Themes are the fundamental and often universal ideas explored in a literary work.
The Transience of Life and Work
Mr. Ramsay and Mrs. Ramsay take completely different approaches to life: he relies on his intellect, while she depends on her emotions. But they share the knowledge that the world around them is transient—that nothing lasts forever. Mr. Ramsay reflects that even the most enduring of reputations, such as Shakespeare’s, are doomed to eventual oblivion. This realization accounts for the bitter aspect of his character. Frustrated by the inevitable demise of his own body of work and envious of the few geniuses who will outlast him, he plots to found a school of philosophy that argues that the world is designed for the average, unadorned man, for the “liftman in the Tube” rather than for the rare immortal writer.
Mrs. Ramsay is as keenly aware as her husband of the passage of time and of mortality. She recoils, for instance, at the notion of James growing into an adult, registers the world’s many dangers, and knows that no one, not even her husband, can protect her from them. Her reaction to this knowledge is markedly different from her husband’s. Whereas Mr. Ramsay is bowed by the weight of his own demise, Mrs. Ramsay is fueled with the need to make precious and memorable whatever time she has on earth. Such crafted moments, she reflects, offer the only hope of something that endures.
Art as a Means of Preservation
In the face of an existence that is inherently without order or meaning, Mr. and Mrs. Ramsay employ different strategies for making their lives significant. Mr. Ramsay devotes himself to his progression through the course of human thought, while Mrs. Ramsay cultivates memorable experiences from social interactions. Neither of these strategies, however, proves an adequate means of preserving one’s experience. After all, Mr. Ramsay fails to obtain the philosophical understanding he so desperately desires, and Mrs. -Ramsay’s life, though filled with moments that have the shine and resilience of rubies, ends. Only Lily Briscoe finds a way to preserve her experience, and that way is through her art. As Lily begins her portrait of Mrs. Ramsay at the beginning of the novel, Woolf notes the scope of the project: Lily means to order and connect elements that have no necessary relation in the world—“hedges and houses and mothers and children.” By the end of the novel, ten years later, Lily finishes the painting she started, which stands as a moment of clarity wrested from confusion. Art is, perhaps, the only hope of surety in a world destined and determined to change: for, while mourning Mrs. Ramsay’s death and painting on the lawn, Lily reflects that “nothing stays, all changes; but not words, not paint.”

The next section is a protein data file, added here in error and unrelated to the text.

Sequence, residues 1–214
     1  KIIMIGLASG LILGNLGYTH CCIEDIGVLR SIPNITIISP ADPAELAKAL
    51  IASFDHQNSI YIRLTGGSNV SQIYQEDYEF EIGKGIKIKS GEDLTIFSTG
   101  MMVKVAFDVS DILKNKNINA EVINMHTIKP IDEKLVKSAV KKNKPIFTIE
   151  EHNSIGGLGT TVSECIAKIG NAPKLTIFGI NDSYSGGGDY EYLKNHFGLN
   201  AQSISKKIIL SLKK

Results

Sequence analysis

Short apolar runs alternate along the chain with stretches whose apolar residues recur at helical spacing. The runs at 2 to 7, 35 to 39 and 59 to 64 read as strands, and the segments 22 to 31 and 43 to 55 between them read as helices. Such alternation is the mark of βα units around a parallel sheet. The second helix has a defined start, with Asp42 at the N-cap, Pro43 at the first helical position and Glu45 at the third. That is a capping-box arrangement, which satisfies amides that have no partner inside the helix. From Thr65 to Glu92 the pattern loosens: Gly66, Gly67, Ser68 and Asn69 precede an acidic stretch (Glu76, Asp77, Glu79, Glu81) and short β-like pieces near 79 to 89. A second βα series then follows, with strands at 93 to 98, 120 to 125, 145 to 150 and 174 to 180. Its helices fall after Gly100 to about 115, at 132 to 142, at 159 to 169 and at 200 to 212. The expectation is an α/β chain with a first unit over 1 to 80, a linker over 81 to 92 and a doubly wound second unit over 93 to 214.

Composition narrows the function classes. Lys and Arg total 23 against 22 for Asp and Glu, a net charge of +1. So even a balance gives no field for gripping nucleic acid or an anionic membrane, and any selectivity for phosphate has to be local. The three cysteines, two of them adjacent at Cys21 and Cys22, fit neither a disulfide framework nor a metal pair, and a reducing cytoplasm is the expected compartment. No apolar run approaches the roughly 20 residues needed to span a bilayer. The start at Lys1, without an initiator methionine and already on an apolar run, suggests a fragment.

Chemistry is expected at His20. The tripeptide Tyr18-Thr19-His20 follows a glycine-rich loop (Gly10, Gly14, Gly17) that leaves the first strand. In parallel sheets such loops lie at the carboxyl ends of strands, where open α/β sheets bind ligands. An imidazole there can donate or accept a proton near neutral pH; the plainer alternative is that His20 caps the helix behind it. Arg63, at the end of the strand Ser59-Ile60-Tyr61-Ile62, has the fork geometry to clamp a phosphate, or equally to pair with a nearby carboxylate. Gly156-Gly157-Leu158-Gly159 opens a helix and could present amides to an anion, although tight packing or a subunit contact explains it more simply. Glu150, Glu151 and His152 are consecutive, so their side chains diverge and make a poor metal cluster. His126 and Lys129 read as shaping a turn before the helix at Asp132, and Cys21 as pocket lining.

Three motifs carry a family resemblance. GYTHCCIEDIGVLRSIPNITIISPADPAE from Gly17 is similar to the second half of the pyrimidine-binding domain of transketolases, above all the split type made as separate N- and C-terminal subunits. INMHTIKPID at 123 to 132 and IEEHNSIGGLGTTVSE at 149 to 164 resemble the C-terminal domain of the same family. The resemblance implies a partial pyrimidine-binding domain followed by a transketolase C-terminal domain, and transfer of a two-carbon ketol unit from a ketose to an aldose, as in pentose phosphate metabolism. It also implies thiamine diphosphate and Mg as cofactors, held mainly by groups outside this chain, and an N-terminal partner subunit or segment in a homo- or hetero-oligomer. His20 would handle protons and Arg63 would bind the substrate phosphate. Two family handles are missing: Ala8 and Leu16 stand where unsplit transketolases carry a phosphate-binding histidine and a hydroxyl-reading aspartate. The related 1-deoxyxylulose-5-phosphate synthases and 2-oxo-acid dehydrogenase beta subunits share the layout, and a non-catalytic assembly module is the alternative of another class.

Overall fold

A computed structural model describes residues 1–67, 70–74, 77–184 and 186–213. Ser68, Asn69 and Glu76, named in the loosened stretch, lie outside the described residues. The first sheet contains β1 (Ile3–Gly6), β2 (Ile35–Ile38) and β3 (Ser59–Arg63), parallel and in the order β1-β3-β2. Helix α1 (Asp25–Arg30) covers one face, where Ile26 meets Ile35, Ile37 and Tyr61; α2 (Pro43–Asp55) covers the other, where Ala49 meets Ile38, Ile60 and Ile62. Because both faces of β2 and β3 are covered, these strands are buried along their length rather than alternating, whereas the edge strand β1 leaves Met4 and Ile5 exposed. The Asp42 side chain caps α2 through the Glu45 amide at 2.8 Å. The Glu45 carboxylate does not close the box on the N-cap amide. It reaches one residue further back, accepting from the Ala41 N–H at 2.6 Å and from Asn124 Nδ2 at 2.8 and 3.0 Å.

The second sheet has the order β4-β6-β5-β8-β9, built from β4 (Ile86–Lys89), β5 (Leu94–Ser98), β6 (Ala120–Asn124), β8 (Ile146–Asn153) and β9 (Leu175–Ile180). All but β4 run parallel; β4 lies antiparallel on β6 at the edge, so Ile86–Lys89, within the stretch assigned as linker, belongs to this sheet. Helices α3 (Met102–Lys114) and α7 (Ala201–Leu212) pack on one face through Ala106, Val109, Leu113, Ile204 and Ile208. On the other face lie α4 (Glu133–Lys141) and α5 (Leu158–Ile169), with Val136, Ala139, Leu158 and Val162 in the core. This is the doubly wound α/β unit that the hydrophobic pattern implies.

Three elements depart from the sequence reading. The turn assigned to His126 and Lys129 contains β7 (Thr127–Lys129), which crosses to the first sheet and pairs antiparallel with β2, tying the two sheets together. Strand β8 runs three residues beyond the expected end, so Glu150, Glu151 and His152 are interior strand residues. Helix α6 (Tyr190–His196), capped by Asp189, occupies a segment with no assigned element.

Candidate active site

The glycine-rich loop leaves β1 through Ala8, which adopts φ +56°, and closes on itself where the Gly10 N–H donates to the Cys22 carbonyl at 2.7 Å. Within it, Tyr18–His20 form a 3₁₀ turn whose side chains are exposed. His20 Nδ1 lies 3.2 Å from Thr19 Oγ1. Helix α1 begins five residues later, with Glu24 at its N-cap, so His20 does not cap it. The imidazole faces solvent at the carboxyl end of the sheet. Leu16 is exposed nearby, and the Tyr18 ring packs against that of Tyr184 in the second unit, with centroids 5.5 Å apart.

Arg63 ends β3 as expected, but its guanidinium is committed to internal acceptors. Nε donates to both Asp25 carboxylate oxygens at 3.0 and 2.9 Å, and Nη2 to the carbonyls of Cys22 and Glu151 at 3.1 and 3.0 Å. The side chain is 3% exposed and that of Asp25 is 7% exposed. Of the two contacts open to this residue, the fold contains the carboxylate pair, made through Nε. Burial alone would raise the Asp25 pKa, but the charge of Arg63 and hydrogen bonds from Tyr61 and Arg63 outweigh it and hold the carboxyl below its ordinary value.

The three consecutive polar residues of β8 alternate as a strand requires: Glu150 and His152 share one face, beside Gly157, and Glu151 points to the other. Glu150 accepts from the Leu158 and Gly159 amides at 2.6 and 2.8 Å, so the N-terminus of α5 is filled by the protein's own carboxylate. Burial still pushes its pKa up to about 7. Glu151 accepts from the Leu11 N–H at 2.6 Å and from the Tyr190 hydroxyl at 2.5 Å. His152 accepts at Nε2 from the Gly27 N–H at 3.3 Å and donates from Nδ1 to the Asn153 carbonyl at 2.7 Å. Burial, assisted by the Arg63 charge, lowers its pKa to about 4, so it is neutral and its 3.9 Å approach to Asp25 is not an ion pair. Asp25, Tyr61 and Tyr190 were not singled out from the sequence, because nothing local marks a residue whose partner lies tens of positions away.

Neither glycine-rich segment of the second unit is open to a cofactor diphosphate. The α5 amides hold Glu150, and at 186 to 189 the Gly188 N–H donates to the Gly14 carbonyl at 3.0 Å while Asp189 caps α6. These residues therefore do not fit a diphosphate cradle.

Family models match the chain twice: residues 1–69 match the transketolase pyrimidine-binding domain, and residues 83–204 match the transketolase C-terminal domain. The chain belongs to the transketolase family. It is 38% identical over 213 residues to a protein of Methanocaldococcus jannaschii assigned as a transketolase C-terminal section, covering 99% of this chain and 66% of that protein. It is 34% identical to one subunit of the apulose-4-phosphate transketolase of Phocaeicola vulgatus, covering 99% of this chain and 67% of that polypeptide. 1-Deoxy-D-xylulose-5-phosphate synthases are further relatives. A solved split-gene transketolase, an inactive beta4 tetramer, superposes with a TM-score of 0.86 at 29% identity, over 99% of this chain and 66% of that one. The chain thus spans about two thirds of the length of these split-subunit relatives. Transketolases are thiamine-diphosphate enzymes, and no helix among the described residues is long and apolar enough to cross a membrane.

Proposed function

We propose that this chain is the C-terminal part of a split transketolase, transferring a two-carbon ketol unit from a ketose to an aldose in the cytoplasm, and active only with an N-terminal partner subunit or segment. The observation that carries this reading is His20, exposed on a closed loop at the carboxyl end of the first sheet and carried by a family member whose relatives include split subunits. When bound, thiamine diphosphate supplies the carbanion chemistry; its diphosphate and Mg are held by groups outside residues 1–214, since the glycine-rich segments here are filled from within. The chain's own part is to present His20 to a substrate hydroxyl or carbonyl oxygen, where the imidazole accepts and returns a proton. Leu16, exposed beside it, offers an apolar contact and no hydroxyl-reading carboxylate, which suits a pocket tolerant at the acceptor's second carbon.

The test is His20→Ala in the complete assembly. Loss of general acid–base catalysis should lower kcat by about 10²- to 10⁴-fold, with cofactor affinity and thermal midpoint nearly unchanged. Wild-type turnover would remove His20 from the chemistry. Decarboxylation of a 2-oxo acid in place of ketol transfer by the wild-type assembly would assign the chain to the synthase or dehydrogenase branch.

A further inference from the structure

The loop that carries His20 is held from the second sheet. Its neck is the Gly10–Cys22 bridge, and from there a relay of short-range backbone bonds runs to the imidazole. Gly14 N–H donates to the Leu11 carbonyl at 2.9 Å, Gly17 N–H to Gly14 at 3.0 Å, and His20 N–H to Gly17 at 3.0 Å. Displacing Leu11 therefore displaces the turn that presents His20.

The Subjective Nature of Reality
Toward the end of the novel, Lily reflects that in order to see Mrs. Ramsay clearly—to understand her character completely—she would need at least fifty pairs of eyes; only then would she be privy to every possible angle and nuance. The truth, according to this assertion, rests in the accumulation of different, even opposing vantage points. Woolf’s technique in structuring the story mirrors Lily’s assertion. She is committed to creating a sense of the world that not only depends upon the private perceptions of her characters but is also nothing more than the accumulation of those perceptions. To try to reimagine the story as told from a single character’s perspective or—in the tradition of the Victorian novelists—from the author’s perspective is to realize the radical scope and difficulty of Woolf’s project.
The Restorative Effects of Beauty
At the beginning of the novel, both Mr. Ramsay and Lily Briscoe are drawn out of moments of irritation by an image of extreme beauty. The image, in both cases, is a vision of Mrs. Ramsay, who, as she sits reading with James, is a sight powerful enough to incite “rapture” in William Bankes. Beauty retains this soothing effect throughout the novel: something as trifling as a large but very beautiful arrangement of fruit can, for a moment, assuage the discomfort of the guests at Mrs. Ramsay’s dinner party.
Lily later complicates the notion of beauty as restorative by suggesting that beauty has the unfortunate consequence of simplifying the truth. Her impression of Mrs. Ramsay, she believes, is compromised by a determination to view her as beautiful and to smooth over her complexities and faults. Nevertheless, Lily continues on her quest to “still” or “freeze” a moment from life and make it beautiful. Although the vision of an isolated moment is necessarily incomplete, it is lasting and, as such, endlessly seductive to her.